EMINENT DOMAIN - CALIFORNIA

Locklin v. City of Lafayette

Supreme Court of California, In Bank - February 28, 1994 - 7 Cal.4th 327 - 867 P.2d 724 - 27 Cal.Rptr.2d 613

Owners brought inverse condemnation, negligence, and trespass claims against city, county, flood control district, and other public entities for damage to their creekside properties through storm water runoff.

The Superior Court granted defendants’ motions for summary judgment on inverse condemnation cause of action, nonsuit on tort causes of action, and entered judgment for city on liability from maintenance of two structures within creek.

The Court of Appeal affirmed. Review was granted, superseding opinion of Court of Appeal. The Supreme Court held that: (1) defendants did act unreasonably in constructing improvements or altering discharge of surface water runoff; (2) damage to owners’ property did not result from unreasonable conduct supporting liability in inverse condemnation; (3) creek did not become public work as required for liability in inverse condemnation; and (4) owners could be assessed costs for action maintained in good faith without evidentiary or legal support.

Owner in lower reaches of natural watercourse whose conduct has relatively minor impact on stream flow in comparison with combined effect of actions by owners in upper reaches of watercourse may not be held liable for any damage caused by stream flow beyond proportion attributable to such conduct.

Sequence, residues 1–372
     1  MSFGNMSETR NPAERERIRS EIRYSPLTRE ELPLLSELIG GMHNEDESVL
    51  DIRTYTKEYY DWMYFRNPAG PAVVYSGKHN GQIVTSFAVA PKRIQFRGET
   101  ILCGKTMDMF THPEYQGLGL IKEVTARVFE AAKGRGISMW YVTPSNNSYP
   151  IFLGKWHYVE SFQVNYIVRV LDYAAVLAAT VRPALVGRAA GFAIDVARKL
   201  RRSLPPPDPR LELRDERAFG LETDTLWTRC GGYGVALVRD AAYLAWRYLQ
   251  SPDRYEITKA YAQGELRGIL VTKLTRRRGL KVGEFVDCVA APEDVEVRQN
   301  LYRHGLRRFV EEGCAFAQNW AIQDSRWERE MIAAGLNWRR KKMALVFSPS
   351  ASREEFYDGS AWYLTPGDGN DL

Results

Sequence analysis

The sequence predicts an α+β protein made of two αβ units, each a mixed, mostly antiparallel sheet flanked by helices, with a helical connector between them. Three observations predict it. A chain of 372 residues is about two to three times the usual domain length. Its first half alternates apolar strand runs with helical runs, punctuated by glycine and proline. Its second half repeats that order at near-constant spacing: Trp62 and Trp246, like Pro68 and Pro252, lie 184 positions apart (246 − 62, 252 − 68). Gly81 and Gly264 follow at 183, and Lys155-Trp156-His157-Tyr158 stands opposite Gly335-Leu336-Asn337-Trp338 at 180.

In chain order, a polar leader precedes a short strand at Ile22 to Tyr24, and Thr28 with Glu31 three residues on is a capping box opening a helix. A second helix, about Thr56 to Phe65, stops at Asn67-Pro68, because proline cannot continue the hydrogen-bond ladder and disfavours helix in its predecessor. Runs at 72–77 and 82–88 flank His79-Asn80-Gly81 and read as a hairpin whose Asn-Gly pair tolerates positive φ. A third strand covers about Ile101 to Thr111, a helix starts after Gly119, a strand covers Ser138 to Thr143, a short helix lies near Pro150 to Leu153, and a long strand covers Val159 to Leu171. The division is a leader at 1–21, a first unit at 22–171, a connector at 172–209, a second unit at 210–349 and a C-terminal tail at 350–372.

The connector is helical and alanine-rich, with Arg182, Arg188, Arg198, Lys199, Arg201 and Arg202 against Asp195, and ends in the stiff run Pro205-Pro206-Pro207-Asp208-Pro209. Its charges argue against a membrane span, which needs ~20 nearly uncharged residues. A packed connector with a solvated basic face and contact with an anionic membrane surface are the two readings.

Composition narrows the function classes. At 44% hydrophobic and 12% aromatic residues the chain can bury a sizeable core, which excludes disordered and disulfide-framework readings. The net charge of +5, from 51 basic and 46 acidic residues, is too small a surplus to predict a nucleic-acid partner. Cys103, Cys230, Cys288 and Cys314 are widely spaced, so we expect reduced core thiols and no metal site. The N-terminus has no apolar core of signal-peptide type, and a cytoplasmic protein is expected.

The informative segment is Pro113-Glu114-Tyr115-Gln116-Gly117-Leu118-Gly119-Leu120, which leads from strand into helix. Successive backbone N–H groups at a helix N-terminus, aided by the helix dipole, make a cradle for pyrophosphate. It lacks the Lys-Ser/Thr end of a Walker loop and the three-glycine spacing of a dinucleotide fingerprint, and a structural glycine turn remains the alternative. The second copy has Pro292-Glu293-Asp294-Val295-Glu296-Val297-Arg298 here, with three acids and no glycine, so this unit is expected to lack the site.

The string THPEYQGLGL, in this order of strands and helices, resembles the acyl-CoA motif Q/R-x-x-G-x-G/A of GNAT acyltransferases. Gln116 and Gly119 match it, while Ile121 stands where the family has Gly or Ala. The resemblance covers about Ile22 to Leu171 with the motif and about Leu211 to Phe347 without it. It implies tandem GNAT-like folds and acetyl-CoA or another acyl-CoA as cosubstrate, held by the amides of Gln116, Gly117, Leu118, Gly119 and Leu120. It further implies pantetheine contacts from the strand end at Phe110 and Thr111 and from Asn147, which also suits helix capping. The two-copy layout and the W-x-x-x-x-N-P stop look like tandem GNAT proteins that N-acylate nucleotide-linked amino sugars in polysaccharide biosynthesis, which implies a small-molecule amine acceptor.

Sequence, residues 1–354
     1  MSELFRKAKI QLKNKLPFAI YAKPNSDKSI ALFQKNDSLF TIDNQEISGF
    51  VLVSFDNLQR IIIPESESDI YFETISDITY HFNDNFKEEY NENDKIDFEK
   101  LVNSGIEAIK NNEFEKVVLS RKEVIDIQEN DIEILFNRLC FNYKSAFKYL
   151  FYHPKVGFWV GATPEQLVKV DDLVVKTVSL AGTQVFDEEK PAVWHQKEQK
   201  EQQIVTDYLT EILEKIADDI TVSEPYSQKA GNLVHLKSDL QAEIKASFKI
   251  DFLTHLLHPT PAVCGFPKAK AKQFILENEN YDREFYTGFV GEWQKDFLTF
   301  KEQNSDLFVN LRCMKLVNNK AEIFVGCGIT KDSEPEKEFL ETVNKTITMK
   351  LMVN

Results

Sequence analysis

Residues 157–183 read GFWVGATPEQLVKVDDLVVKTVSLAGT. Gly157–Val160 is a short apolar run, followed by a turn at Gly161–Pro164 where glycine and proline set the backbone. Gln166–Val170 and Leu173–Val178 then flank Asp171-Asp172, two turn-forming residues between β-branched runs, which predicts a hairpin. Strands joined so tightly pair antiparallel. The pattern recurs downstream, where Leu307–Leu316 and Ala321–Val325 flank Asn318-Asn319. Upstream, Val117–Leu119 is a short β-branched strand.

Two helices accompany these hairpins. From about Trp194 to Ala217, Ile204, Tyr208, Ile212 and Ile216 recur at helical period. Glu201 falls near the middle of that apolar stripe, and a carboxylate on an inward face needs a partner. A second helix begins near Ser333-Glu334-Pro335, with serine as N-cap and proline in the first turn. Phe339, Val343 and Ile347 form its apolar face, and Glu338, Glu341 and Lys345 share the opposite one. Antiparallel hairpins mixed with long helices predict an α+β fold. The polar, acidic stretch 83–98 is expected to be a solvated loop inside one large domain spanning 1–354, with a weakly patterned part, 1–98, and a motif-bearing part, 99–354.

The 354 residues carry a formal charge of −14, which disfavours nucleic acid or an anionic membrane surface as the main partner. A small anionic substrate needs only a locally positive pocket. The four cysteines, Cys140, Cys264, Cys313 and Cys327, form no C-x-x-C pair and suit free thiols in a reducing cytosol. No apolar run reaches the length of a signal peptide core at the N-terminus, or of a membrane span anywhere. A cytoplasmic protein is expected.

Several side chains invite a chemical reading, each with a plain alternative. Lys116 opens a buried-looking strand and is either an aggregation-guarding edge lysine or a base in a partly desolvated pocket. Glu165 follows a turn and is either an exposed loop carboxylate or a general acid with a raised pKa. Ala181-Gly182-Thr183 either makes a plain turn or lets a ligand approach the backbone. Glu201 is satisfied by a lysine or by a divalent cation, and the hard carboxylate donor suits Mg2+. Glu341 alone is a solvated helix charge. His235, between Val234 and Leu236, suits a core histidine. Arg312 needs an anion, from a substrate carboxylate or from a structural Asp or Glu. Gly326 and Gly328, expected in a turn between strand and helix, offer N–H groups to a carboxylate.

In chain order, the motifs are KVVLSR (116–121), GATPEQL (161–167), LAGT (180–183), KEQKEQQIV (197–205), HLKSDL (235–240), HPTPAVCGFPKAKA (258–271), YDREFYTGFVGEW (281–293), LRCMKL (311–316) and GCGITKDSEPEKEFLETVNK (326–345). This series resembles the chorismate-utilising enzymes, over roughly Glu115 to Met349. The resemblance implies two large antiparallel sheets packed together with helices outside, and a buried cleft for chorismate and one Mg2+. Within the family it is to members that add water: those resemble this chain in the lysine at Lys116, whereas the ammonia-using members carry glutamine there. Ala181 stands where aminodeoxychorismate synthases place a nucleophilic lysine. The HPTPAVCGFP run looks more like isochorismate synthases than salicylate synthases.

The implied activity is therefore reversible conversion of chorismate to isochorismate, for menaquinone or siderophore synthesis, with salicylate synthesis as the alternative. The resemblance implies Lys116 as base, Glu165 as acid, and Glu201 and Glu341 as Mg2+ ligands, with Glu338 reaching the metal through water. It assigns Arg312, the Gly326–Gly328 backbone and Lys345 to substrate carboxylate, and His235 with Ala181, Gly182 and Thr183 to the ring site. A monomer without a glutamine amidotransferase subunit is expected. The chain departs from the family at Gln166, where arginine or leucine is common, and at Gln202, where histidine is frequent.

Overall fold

Governmental entities were not liable in inverse condemnation for damage caused by discharge of surface water runoff from property which they had improved into natural watercourse, where improvements to property were not unreasonable.

Creek did not become public work or improvement, but remained privately owned natural watercourse, though city occasionally assisted residents by removing fallen trees from creek, and other public entities constructed culvert in creek to support roadbed, where no governmental entity exerted control over watercourse to incur liability for damages caused by streamflow.

City was not liable to downstream property owners for damages from increased runoff, where city’s improvements from paving streets and manner of collecting and discharging surface water runoff into creek were not unreasonable.

Governmental entity does not have to bear expense of all litigation by property owners who in good faith, but without sufficient evidentiary or legal support, claim damage to their property.



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